Happy New Year to all you Master Investors out there! The start of the New Year has been good for those of us fundamentally worried about stretched valuations and a cloudy outlook.
China’s ructions have caused some steep falls in most markets. It is worth noting that if January is a down month, typically the rest of the year is also down. Now that is a little bit of hocus pocus of course, because superstitious analysis of historical data is not a way to wealth. Except sometimes these sorts of predictions are self-fulfilling.
Most importantly, there isn’t any particular reason that most markets should rise, but there is plenty to suggest that they should fall or tread water. The most important of these are: a) in Europe and the US, there is likely to be a deceleration or even fall (in the US) in earnings; b) this leaves valuations at stretched levels on any measure that you care to apply; c) dividends will come under pressure as companies, particularly in energy and mining, find debt service levels untenable (which is already happening in some cases); and d) currency volatility will cause earnings surprises on the downside to be exaggerated.
Last year worked out pretty well for us. The Swiss Franc (two tea bags) fell, the Euro fell, then rallied, the yen was neutral, Japan was up about 13%, the US market fell by 1% (with almost all of its gains concentrated in a few tech stocks, and 490 stocks in the S&P 500 falling), and the FTSE fell by about 8%. European stock gains were wiped out by the fall in the currency.
So far, so good. Gold and silver weren’t great, but the call to generally avoid emerging markets worked.
Now, for 2016 here are my predictions:
- The US market falls further. Perhaps 5-10%. The crazy valuations of tech IPOs meet their day of reckoning. Some large biotechs that got beaten up in the last year, like Gilead or Biogen, recover sharply, but most biotech is blah. Agriculture stocks do well (think John Deere, Monsanto and Syngenta) as agricultural prices recover.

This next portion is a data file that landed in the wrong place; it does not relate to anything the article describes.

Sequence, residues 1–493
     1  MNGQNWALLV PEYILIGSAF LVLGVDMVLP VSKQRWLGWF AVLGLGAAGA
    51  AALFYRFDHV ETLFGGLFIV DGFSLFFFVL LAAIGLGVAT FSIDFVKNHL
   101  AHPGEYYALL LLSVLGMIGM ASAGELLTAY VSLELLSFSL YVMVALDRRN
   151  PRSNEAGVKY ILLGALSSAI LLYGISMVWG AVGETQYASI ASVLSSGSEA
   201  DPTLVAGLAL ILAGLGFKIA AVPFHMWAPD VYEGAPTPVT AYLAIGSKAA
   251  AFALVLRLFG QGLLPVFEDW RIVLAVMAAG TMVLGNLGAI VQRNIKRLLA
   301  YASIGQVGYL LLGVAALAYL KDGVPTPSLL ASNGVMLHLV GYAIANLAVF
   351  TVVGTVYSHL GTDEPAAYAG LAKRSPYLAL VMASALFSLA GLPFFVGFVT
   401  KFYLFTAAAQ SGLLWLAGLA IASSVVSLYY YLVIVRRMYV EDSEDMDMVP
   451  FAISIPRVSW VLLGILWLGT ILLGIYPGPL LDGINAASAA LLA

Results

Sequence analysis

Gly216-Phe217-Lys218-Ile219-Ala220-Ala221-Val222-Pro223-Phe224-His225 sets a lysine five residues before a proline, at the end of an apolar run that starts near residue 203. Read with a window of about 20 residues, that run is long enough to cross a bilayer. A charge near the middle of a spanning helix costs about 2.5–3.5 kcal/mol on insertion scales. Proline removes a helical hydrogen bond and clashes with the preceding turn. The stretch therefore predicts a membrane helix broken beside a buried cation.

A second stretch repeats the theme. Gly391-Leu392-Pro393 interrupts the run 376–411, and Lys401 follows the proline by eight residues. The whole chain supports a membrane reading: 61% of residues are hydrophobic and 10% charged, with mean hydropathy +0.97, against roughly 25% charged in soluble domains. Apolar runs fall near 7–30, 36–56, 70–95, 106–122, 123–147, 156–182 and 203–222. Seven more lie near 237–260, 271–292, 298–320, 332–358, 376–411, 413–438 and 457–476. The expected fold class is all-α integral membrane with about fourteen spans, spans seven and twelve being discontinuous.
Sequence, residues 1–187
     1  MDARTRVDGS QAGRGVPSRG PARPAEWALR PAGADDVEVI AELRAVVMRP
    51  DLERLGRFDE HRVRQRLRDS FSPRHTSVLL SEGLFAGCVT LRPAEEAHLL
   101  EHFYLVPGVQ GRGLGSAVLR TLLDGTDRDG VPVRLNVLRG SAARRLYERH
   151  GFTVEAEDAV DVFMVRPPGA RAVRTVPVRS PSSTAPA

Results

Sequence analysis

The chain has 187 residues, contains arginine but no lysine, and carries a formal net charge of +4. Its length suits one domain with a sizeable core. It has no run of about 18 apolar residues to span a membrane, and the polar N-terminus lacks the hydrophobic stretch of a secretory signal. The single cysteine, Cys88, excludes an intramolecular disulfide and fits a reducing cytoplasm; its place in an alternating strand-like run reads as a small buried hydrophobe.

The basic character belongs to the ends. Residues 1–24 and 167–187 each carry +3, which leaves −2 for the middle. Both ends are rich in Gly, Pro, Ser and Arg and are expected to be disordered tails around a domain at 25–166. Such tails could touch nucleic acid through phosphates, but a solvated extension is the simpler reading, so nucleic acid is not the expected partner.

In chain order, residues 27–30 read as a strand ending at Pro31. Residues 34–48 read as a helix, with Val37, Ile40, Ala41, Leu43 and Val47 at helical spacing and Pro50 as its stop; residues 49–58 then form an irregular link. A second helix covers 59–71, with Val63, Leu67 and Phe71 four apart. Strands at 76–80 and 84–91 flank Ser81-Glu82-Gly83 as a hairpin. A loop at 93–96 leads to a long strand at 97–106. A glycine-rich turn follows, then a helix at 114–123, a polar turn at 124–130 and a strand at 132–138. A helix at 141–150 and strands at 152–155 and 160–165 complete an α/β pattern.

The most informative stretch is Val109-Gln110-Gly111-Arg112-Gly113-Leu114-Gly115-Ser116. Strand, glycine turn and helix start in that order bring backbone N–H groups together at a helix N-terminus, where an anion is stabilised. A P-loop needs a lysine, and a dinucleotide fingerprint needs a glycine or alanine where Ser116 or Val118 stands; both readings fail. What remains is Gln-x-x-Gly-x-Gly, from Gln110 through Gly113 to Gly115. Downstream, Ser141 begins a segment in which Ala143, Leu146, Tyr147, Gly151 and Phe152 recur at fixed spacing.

- The UK does OK, as sterling falls somewhat against the dollar and further against the Euro.
- The Italian and French debt crises-in-the-making become apparent to a wider audience than me. And yields on all Euro bonds go up – i.e. prices go down.
- European stocks tread water.
- Japan, spurred by rising ROE, buybacks and improved corporate governance, continues to be the world’s best performing market. Nikkei has 22,000 at least written on it. My picks include Fanuc, Hitachi, Mitsubishi Heavy and Honda.
- China produces a modest positive return.
- Vietnam is the world’s best performing market, followed by Argentina and Brazil.
- Russia continues to disappoint.
- Africa stalls further and the idea of a growth miracle is debunked.
- US treasury yields on 10 year bonds rise to 2.7%.
- The Swiss franc falls further.
- The Japanese yen strengthens to 110 -115 against the US dollar.
- The AUD falls to 69 cents (I am resuming my bearish tack here).
- The CAD rises to 1.29 against the US; the SEK is a buy (Swedish Krone).
- Hilary Clinton wins the US election.
- Brexit is close, but the muppets will vote to stay in (a very stupid move in my view!).
- Gold and silver will outperform.
- My favourite big company stocks that I can talk about, apart from the ones above, will be Rio, Peugeot, Amgen, and the JNUG ETF.
- 12,000 people will register for the greatest investment show on earth, Master Investor on 23rd April 2016.
- There will be a move to bail-in failing banks in the Eurozone – Portugal first, then Italy. This will dent Europe’s economic recovery.
- The migrant crisis will result in an effective closing of borders (destruction of Schengen).
- Saudi Arabia will move closer to bankruptcy.
- Corn, copper and lithium will be the best non-precious commodities to invest in. Iron ore will be flat.
- Merkel will be ousted.
- The Queen will abdicate.
So there you have it. And of course, I will be back with a lot of new forecasts/recommendations at the Master Investor show. I really hope you get your tickets early; there has been overwhelming demand for them – and I would love to see everyone there.